Friday, November 29, 2019

Pam Tillis

Contrary to common belief, kids are not their parents. Parents have a problem with that concept. Or rather, baby boom parents have a problem. Baby boomers grew up self-absorbed, contemplative. I don't know if it was a symptom of the times or the fact that for most of us our parents were lackadaisical, removed. Baby boom kids were hardly the center of their parents' lives. It may have been that grownups were expected to have kids, so producing a brood was no big deal in the scheme of everyday life. Everybody had 'em. (That's why there are so many of us.) I have cousins I am completely unaware of, unless they are approximately my age. It was, for instance, Cindy and "the others". The rogue aunt and uncle who only managed to pop out one kid were viewed as odd and frankly, there had to be something wrong with that kid; therefore we avoided her.

All parents weren't necessarily like mine. All parents didn't contend with issues of substance abuse and the fallout. Nevertheless, I grew up essentially alone, and thus self-obsessed. I knew by the seventh grade what the name of my future son would be, because I contemplated things like that in my isolated bedroom. I became steeped in music, my lifeline in a lunatic world. I begged and borrowed to upgrade my sonic experience when the tiny speaker on my transistor could no longer drown out the cacophony.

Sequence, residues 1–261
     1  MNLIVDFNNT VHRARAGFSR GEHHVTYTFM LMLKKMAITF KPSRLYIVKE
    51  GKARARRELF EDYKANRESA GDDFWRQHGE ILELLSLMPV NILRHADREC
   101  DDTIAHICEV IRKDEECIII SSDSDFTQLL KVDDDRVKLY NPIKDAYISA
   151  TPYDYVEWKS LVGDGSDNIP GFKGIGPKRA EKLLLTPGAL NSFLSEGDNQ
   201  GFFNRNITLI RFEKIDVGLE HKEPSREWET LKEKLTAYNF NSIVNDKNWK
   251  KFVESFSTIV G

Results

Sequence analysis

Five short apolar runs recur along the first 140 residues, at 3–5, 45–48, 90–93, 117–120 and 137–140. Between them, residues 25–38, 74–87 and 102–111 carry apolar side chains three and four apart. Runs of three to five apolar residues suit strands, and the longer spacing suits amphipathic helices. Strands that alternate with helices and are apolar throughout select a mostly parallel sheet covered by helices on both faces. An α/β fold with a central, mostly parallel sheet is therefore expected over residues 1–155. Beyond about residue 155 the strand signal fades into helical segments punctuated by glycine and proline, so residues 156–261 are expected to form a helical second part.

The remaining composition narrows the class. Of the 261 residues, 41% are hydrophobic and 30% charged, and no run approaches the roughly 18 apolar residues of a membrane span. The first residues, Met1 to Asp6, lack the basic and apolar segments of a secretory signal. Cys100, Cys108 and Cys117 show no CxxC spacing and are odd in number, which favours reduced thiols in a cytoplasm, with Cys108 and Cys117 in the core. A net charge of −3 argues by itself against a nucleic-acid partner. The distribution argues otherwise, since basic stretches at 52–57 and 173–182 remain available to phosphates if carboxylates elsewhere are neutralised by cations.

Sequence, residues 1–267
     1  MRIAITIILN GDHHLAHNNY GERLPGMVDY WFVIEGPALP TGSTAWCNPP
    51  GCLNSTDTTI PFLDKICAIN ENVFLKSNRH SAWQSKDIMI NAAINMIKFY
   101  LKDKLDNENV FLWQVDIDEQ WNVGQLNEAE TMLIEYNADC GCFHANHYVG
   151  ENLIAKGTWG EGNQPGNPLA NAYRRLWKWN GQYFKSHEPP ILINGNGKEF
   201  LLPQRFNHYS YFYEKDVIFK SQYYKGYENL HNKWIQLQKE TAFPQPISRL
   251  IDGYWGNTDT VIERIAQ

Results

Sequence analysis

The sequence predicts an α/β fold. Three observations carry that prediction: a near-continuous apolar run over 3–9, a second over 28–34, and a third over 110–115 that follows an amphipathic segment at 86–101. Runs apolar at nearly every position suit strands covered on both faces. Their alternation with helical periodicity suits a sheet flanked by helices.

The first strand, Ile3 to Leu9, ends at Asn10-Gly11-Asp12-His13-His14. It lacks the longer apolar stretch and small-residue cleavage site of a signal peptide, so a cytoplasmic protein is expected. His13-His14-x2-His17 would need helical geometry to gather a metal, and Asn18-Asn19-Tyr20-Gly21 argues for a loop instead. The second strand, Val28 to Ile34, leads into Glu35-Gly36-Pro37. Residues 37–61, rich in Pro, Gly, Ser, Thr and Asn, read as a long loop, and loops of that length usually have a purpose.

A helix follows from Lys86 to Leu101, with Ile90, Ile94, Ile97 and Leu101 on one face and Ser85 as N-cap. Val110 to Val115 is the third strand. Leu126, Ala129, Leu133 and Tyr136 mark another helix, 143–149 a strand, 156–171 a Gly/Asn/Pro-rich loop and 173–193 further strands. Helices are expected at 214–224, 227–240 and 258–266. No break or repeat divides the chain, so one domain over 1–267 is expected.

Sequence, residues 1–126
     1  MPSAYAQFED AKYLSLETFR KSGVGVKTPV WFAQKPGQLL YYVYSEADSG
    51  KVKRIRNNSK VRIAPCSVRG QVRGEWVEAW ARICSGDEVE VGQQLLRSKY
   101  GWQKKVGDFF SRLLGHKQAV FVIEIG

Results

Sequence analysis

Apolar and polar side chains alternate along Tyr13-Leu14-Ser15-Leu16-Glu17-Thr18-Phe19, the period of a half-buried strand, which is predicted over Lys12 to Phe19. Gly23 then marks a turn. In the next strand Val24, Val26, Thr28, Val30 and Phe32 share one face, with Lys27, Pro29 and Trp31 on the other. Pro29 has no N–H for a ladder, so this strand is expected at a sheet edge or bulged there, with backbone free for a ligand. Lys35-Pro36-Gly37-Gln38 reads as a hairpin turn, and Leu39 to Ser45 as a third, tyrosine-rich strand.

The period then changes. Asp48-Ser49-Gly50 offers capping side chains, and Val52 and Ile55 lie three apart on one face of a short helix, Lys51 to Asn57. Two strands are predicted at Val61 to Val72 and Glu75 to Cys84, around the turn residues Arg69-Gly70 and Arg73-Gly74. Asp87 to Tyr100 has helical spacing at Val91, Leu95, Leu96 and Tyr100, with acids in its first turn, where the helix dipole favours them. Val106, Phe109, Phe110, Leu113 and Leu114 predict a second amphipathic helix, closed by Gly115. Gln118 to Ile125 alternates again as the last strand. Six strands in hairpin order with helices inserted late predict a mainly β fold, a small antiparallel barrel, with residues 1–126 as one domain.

Am I my parents? Sure, in some ways. DNA works like that. I have a lot of the good and some of the bad, but in the end I'm me.

When I heard a song on the radio in 1990 and the DJ uttered the name "Pam Tillis", I flashed back to an artist I'd appreciated much more as a writer than I did as a warbler. In 1968 I'd fallen in love with a recording by someone named Mel Tillis that went like this:



"Tillis" certainly wasn't a common name, so I surmised that Pam had to be Mel's offspring. And the song itself wasn't all that far removed from Heart Over Mind:



Except that Mel never did anything like this:



Or this:



Yep, this is a remake, but damn:



Mel was lamenting Ruby taking her love to town, while meanwhile, Pam said this:



Pam was not Mel. She was her own person. Pam benefited from Mel in her DNA, but she was simply Pam. Baby boomers took it from there.




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